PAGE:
Research relating to intimate partner violence (IPV) responses and risk assessments are plentiful, but center around a heteronormative framework omitting various gender and sexuality configurations. This thesis sought to evaluate how the gender and sexuality of IPV perpetrators and victims, as well as categorizations of risk influence perceptions. Participants (N = 1,481) were recruited from Amazon's Mechanical Turk and were asked to read a fictional vignette regarding an IPV incident with varying perpetrator/victim gender and risk conditions. Participants were asked questions relating to perpetrator dangerousness, victim experience, influence of risk, and sentencing recommendations. Overall, perceptions were influenced most by affirmed gender (male/female) over a designation of transgender/cisgender or sexuality. The findings have implications that (a) show a promise for the successful implementation of risk communication systems, but (b) necessitate a requirement for more education and training surrounding 2SLGBTQIA+ IPV.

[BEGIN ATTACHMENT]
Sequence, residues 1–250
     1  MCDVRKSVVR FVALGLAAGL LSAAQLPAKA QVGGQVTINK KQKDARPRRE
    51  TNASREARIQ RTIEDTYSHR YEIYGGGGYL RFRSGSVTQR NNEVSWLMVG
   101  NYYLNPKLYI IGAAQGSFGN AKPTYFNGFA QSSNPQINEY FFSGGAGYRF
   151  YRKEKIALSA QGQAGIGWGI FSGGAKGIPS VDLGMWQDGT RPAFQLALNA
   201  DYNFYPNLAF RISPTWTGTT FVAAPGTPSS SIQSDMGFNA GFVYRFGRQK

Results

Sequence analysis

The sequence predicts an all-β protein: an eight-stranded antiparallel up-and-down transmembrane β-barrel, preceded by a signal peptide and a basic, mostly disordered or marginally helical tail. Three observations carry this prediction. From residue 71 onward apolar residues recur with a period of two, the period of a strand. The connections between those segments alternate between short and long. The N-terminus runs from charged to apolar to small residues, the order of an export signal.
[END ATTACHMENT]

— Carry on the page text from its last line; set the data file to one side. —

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Thesis advisor: Lysova, Alexandra
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